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Would you be so kind?

Ian McMaster ist Chefredakteur von Business Spotlight
Ein wenig ähnelt die englische Sprache einer Arznei für Kinder: Damit bittere Pillen besser schmecken, bekommen sie einen Zuckerüberzug. Wer seine Forderungen an den Geschäftspartner nicht allzu ungehobelt rüberbringen möchte, sollte sie deshalb mit ein paar Höflichkeitsformeln versüßen.
Germans are rude and loud, British people are polite and reserved, Americans are polite and loud. Ah, yes, those cultural clichés again. Nevertheless, many people seriously think that Germans are less polite than the British or Americans. I don't believe that, on average, this is true. In general, German people find their fellow countrymen as polite (or rude) as people in Britain or America find theirs.

However, there is a tendency for some German-speakers to sound slightly rude when speaking English. There are two main reasons: first, some German accents sound harsh; second, German tends to be more direct, which sounds less polite to the ears of English-speakers.

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Here are some ways for German-speakers to soften their English and so to add an extra touch of politeness:

"Would like" not "want"_"I would like" - or, better still, "I'd like" - is one of the most useful expressions in English: "I'd like to speak to Janet Brown, please"; "I'd like a cup of coffee, please". "Would" should also be used in questions: "Would you like ...?"; "What would you like?" German-speakers tend to use "want" too much. Listen to yourself and ban "want" from your vocabulary.

Please to the end_There is no 100 per cent rule about where the word "please" should occur in a sentence, and it is possible to make it sound polite or rude in any position. Anyway, it is probably best to put it at the end: "Could you pass me the report, please?" If you say, "Could you please pass me the report", you might sound like a parent asking a child to finally do something.

"I'll" not "I"_One of the most common mistakes German-speakers make is not using "I'll" when promising action. For example: "I'll call you tomorrow" is correct, not "I call you tomorrow", which sounds too direct and almost threatening. Even "I will call you" sounds less polite than "I'll call you".

"You're welcome."_This is a correct reply when someone thanks you. Alternatives are "Not at all", "My pleasure", "Don't mention it" or, in Australia, "No worries". Do not say "please".

"I was wondering if ..."_This is a good way to start a request: "I was wondering if you could give me that report by Friday"; "I was wondering if I might take Monday off work". Other good expressions include "I would really appreciate it if ..."; "Would it be possible for me to ..."; "Would it be all right if we ...".

The power of "just"_At school, one teacher tried to stop us from using the word "just" when we explained our poor behaviour ("But Sir, I was just ..."). He saw it as an attempt to minimize our offence. In fact, "just" is a very useful word for non-native speakers, as it helps to soften the language: "I was just wondering if you could ..."; "If you'll just wait a moment"; "Could you just take a seat?"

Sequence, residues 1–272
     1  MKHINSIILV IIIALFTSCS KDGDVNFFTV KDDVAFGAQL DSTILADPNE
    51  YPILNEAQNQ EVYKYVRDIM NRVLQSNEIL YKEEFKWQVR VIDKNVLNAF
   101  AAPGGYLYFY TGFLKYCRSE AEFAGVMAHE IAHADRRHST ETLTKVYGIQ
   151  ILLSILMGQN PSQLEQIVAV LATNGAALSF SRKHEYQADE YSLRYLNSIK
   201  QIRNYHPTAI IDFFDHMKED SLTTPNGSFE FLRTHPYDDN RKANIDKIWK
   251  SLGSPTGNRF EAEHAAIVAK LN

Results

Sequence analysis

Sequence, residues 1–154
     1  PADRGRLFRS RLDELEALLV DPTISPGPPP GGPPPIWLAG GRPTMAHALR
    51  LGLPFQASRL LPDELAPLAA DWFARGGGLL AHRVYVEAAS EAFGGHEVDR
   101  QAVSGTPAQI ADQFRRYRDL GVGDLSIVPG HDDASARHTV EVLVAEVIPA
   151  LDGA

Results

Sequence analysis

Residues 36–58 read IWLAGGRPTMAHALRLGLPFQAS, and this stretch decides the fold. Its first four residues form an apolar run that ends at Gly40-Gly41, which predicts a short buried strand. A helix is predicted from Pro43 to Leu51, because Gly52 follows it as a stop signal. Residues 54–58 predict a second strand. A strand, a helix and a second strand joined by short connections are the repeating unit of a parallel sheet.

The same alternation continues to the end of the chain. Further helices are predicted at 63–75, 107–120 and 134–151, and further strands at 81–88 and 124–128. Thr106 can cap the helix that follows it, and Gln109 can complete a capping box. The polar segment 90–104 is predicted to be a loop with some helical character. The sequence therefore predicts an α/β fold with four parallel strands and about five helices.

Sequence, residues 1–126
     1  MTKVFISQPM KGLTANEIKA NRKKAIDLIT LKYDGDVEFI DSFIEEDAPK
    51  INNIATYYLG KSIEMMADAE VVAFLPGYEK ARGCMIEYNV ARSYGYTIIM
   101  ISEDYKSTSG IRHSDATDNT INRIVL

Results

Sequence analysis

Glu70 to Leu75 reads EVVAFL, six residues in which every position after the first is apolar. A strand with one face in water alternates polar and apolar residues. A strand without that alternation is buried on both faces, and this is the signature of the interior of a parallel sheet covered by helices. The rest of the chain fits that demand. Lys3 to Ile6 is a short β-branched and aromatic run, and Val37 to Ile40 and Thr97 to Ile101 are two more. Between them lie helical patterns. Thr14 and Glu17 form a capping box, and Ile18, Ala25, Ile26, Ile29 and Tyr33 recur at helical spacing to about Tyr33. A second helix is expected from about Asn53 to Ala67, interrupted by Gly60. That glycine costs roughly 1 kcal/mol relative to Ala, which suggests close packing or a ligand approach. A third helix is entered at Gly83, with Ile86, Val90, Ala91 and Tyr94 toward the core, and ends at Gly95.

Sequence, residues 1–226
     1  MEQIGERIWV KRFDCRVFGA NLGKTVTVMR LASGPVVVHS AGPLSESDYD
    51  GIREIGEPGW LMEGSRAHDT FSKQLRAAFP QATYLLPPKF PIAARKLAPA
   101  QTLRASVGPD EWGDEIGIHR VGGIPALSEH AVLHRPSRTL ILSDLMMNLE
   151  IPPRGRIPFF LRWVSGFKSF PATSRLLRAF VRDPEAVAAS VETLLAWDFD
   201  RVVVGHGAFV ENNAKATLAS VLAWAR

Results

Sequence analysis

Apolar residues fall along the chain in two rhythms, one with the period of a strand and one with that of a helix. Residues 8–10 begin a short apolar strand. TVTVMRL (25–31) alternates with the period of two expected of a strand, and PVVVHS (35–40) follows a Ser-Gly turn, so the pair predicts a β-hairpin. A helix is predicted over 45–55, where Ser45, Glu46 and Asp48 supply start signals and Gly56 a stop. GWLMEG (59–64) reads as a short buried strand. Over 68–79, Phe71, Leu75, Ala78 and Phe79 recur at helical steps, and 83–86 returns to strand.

Maybe, baby_"Maybe" is also a very helpful word, particularly for suggestions: "Maybe we should consider a new product range"; "Maybe you could take a look at this report".

Be afraid!_"I'm afraid that ..." is a typical polite expression in English when you want to apologize: "I'm afraid she's not in the office today"; "I'm afraid we won't be able to deliver the goods on time". It can also be used to express polite disagreement: "I'm afraid that we are unable to accept that price." Other good ways to apologize include "I'm (so/dreadfully) sorry that ..." and "We regret that ...".

That seems good_"Seems" is a good word when you wish to complain politely: "There seems to have been a mistake here". This indirect form is more polite than the personal "You seem to have made a mistake".

Think about your pronunciation_Record yourself speaking English to see whether you have a typical German accent. The sounds that are particularly harsh to English-speakers are "v" instead of "w" and "z" instead of "th". This can produce sentences like "Ve zink zat zis is ze vay ve vant to go" instead of "We think that this is the way we want to go". If you do sound overly Germanic, practice softening your pronunciation.

Don't overdo it!_You will sound silly if you try to be "overly British" by saying things like: "I was just wondering if you could possibly be so kind as to consider the possibility of thinking about ..." This is more likely to sound sarcastic or rude than polite. As with most things, moderation is the answer. "Could you ..., please" would be better.
Dieser Artikel ist erschienen am 21.05.2002